Great form factor - Similar to the 11-inch MacBook Air, when the screen is closed on the new 12-inch MacBook it's roughly the same size as the iPad. So it feels pretty natural to fold it up and carry it on its own into a meeting or a coffee shop, much like you'd carry a paper notebook or a padfolio. This is especially the case since the battery life is good enough that you don't have to carry a charger all the time.
Strong battery life - The reduction in size means less space for batteries, so I was concerned that would mean a step back in battery life. In my tests, that wasn't the case. The new MacBook easily made it through a 5-hour flight across the US with 40% to 50% of the battery to spare. So, in this case, it lived up to the 9-10 hours of battery life that Apple advertised.
Impressive Retina display - Professionals who prefer the MacBook Air have been clamouring for a Retina display on an Air ever since it was first introduced on the MacBook Pro in 2012. Battery life and cost were likely the main reasons it took three years to get a super high quality display on a machine this small and thin. Apple clearly figured out the battery life issue, as we just discussed. However, the price tag is a different matter, as we'll talk about in the next section.
The price stings - As much of an engineering marvel as this machine is, the price tag starts at US$1299, making it US$400 more than the base price of the 11-inch MacBook Air. Granted, the new MacBook has double the storage and RAM as the base 11-inch MacBook Air, but that's a lot to pay for a thinner body, a higher resolution display, and a better keyboard. It feels like it should be about a US$1000 machine, and I'm sure it will be within a couple years. However, when I put it next to a comparable Windows machine like the Lenovo Yoga 3 Pro—which also sports a stunning design—the fully configured price comes out about the same.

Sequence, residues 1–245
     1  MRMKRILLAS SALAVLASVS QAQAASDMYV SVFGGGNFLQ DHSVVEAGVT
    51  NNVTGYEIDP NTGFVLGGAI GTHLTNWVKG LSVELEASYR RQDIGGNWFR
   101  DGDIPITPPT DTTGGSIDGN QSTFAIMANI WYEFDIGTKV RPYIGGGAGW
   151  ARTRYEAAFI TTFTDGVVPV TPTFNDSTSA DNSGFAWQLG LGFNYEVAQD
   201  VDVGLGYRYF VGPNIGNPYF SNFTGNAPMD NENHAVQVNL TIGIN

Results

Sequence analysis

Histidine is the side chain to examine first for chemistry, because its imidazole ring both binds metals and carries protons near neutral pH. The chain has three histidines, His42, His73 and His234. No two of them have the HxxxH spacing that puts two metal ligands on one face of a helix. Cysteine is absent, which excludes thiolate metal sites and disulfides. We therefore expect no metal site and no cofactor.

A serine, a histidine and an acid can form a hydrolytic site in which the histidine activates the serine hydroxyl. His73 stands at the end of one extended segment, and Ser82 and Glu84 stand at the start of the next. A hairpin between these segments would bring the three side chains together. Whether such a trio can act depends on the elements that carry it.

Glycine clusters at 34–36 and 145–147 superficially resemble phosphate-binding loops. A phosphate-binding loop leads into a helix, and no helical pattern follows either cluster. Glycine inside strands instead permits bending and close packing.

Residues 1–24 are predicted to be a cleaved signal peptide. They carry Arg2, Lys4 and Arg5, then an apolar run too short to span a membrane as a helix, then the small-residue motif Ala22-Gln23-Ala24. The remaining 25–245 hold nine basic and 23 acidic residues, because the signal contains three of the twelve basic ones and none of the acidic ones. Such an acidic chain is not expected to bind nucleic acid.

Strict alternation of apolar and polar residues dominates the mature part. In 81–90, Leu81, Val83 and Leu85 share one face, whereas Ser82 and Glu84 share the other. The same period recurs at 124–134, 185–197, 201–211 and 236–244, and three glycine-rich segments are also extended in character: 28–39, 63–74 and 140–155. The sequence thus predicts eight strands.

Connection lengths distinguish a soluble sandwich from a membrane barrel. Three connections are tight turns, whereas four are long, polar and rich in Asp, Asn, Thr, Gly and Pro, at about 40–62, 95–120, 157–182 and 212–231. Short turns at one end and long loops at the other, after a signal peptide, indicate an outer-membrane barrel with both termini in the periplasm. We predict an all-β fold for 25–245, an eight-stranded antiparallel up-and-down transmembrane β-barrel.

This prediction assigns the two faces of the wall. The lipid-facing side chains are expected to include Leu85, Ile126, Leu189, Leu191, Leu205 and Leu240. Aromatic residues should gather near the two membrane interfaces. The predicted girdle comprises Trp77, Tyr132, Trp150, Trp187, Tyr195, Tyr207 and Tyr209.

Lack of ports - The consolidation of 4 MacBook Air ports (2 USB, 1 Mini DisplayPort, and 1 MagSafe 2 power port) down to one USB-C port is jarring, to say the least. Having to unplug your power cable to connect a USB storage device or a USB ethernet dongle feels wrong. Multi-prong adapters will eventually help, USB-C does charges more quickly, and it's nice to be able to charge the laptop off a USB backup battery pack. But, this feels like a step backward when juggling connections to one port. I want a USB-C dongle that has two legacy USB ports, a USB-C port (for power), and a Mini DisplayPort. I'm going to have wait for a third party supplier to make one of those.
Force Touch frustration - The new trackpad has a much more shallow click and relies more on vibrations (haptic feedback). But its main feature is Force Touch, which when you provide extra pressure, provides additional menu options and functions. It's kind of like a long-press where you push a little harder. However, I found it more frustrating and annoying than useful. When I tried to click-and-drag files in the Finder, it kept giving me Force Touch options, and when I tried to highlight text in Safari, it kept interpreting that as a Force Touch and wouldn't do what I needed. I eventually turned it off.
Bottom line for business
If you're a professional who loves the portability of the 11-inch MacBook Air, then the new 2015 12-inch MacBook is a thriller. It's roughly the same form factor as the 11-inch Air, only thinner and with a larger, higher resolution screen.
For professionals who travel a lot and are ready for a laptop upgrade, and for web workers who spend 80% of their time in the cloud, this state of the art machine will put you on the bleeding edge. It's a chance to own a piece of the future, as long as you don't mind paying extra for it and waiting for the accessories to catch up.
- Dell XPS 13 (2015) with Infinity Display (CNET)
- Lenovo Yoga 3 Pro (CNET)
- Apple MacBook Air 13-inch (CNET)
- Apple MacBook Air 11-inch (CNET)